A PLL (Phase Locked Loop) may be found in almost every electronic device. In a television, it makes shure, that green is always green - and that the head
of the actress is at the top of the screen and the feet at the bottom.
In general, it is a circuit which causes a system to track
(synchronise) with an other system. Usually a free running oscillator (VCO) is locked in frequency and phase to a very stable Reference
(XCO, OCXO, Rubidium Standard, Caesium Standard, ...).
To achieve this, a PLL consists of the following parts (minimum) :
A Phase Detector (PD)
A Loop Filter (LF)
A Voltage Controlled Oscillator (VCO)
Let's have a look at those three functional blocks.
The VCO produces a frequency which is proportional to the Tuning Voltage.
We can therefore note:
FREQ(VCO) = FREQ(VCO,0) + K0 * VTUNE
where K0 is the VCO Gain in s-1 * V-1
Frequency as a Function of Tuning Voltage, Drawing courtesy of Mini Circuits ™
The Frequency / Phase Detector (PD)
The Phase Detector (also referred to as Phase Comparator) compares the Phase of the Output Signal with the Phase of the Reference Signal
and develops an output signal which is approximately proportional to the Phase Error (at least within a limited range).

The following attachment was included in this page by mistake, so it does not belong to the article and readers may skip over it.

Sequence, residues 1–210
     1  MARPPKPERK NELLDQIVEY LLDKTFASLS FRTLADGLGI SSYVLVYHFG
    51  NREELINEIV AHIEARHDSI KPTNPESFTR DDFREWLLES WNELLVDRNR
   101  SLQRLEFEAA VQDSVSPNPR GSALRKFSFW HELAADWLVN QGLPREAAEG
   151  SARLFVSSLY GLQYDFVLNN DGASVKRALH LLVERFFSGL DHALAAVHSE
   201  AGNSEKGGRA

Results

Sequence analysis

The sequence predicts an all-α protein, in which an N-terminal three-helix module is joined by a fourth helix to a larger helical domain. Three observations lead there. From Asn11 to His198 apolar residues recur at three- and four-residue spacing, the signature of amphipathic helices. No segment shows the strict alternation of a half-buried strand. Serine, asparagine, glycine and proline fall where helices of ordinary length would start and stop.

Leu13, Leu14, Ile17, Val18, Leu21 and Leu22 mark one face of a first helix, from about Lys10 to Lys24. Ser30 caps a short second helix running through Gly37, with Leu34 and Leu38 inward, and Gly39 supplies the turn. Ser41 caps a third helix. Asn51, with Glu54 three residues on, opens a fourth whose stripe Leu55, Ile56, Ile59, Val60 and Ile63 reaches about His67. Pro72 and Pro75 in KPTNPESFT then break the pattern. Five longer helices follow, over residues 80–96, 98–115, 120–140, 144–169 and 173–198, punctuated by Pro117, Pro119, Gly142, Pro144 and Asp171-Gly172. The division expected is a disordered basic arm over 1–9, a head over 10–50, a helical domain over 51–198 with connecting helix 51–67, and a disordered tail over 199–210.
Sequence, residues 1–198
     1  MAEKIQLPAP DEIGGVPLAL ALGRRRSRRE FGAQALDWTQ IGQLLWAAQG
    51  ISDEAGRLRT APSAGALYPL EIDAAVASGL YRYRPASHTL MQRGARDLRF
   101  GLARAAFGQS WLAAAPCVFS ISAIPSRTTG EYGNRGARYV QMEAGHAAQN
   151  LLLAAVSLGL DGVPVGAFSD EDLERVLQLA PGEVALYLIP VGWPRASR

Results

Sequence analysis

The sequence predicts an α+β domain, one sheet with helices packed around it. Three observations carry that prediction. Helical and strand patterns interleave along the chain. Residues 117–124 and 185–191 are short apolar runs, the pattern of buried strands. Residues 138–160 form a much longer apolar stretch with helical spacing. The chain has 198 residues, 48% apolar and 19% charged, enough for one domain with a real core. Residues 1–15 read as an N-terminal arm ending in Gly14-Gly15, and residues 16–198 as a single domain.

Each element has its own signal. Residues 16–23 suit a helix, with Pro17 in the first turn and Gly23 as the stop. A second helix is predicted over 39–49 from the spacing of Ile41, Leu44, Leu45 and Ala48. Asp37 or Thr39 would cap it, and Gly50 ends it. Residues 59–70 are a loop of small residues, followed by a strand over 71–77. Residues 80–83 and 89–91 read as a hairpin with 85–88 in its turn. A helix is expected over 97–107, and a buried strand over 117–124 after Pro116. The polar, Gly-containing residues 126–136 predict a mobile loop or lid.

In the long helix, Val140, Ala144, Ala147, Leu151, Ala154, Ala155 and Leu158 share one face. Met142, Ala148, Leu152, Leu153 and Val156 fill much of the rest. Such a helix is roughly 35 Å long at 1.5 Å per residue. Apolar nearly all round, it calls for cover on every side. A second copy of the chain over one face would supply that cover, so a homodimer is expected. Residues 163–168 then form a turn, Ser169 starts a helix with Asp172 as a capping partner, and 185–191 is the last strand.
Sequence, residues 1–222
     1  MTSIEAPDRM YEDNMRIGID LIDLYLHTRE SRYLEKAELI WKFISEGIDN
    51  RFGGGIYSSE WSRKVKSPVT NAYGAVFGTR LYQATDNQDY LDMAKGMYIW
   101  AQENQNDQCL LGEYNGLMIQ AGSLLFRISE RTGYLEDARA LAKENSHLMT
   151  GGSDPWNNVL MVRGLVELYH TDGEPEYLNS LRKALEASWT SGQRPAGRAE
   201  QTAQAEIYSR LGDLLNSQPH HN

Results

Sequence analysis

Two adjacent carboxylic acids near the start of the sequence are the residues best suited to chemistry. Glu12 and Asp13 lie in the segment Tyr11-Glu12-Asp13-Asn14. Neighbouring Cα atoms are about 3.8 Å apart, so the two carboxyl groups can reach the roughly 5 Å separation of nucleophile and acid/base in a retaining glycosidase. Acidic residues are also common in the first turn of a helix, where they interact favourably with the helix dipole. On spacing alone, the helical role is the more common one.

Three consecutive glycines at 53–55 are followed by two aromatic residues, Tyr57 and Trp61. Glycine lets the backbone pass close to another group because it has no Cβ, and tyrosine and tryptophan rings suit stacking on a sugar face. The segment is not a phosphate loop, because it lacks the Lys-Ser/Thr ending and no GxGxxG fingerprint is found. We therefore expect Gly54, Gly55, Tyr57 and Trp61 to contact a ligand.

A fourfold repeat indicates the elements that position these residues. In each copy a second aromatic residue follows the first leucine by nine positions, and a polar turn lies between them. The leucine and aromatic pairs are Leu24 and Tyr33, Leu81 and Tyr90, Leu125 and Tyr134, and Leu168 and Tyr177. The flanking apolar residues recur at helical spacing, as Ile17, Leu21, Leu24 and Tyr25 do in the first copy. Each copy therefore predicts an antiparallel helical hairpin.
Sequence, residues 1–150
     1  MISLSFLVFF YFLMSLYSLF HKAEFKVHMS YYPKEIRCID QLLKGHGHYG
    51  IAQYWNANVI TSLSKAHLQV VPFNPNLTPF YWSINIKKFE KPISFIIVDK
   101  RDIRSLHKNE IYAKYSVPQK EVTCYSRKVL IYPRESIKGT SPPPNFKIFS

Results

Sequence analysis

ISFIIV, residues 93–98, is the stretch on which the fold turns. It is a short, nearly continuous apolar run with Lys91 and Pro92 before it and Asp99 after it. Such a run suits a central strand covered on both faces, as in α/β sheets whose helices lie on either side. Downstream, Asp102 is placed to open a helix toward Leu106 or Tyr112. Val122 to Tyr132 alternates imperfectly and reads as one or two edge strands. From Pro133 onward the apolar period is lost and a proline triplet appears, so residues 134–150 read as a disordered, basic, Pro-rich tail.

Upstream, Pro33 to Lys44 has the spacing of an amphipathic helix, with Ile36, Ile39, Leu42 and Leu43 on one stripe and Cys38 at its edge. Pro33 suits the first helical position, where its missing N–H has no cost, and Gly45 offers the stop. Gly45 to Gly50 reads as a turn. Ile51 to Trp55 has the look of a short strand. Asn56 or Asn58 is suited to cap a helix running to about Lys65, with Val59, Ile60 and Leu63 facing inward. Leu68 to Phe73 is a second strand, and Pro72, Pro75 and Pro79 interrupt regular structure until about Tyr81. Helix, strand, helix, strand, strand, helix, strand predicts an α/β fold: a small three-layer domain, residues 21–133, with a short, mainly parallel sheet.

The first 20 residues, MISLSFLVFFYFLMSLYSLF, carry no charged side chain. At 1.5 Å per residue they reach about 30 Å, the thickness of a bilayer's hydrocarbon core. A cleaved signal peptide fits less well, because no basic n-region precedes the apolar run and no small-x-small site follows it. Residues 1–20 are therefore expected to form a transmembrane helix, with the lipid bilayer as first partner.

We can therefore note:
U(t) = Kd * PhaseError
Here Kd represents the Gain of the Phase Detector. (Unit: Volt/rad).
The Output of the Phase Detector is a DC Voltage and a superimposed AC-Component.
(As with a Mixer, you'll get the Sum and the Difference)
Depending on the Phase Detector, the PLL has a different behaviour.
The Loop Filter
The Loop Filter has the job to supress the unwanted AC-Component produced by the PD.
As we are interested in the DC Voltage, the Loop Filter always has a Lowpass Character.
Let's see, how this System works.
If we switch on this system, the VCO will start at its Minimum Frequency, because the Loop-Filter Capacitors
are discharched. The Frequency/Phase Detector will produce Pulses at its Output which are integrated by
the Loop Filter. The Frequency of the VCO will increase (as the Tuning Voltage will increase).
As the frequencies are almost equal, the Phase is aligned.
Below is a Visualisation to see how the Tuning Voltage (=lowpass filtered Output of the Frequency/Phase Detector)
changes depending of the Phase Offset (=Phase Error). Change the Phase Error to see by yourself ...
The Phase Error is evaluated with an EXOR Phase Detector and an ideal Integrator (Lowpass).
That's nice, but why should I use a lot of circuits to synchronise two frequencies ?
I can use the Reference directly !
Well, it may be the case, that the Reference is not always present (Colour Carrier in PAL Television) or you
may want to synthesize Frequencies and therefore have an additional Divide-by-N Counter in the Feedback Loop.
Expanding the System - creating a Frequency Synthesizer
If we add a Divide-by-N Counter in the Feedback Loop, we are able to synthesize Frequencies which have the Frequency of N * Reference.
This is useful if you want to build a Radio (Receiver) or a Frequency Synthesizer. For airband (108 - 137 MHz) the channel-spacing is 8.33 kHz.
You would therefore choose the Reference to be 8.33 kHz and then alter the Divide-by-N Counter to reach the desired Channel.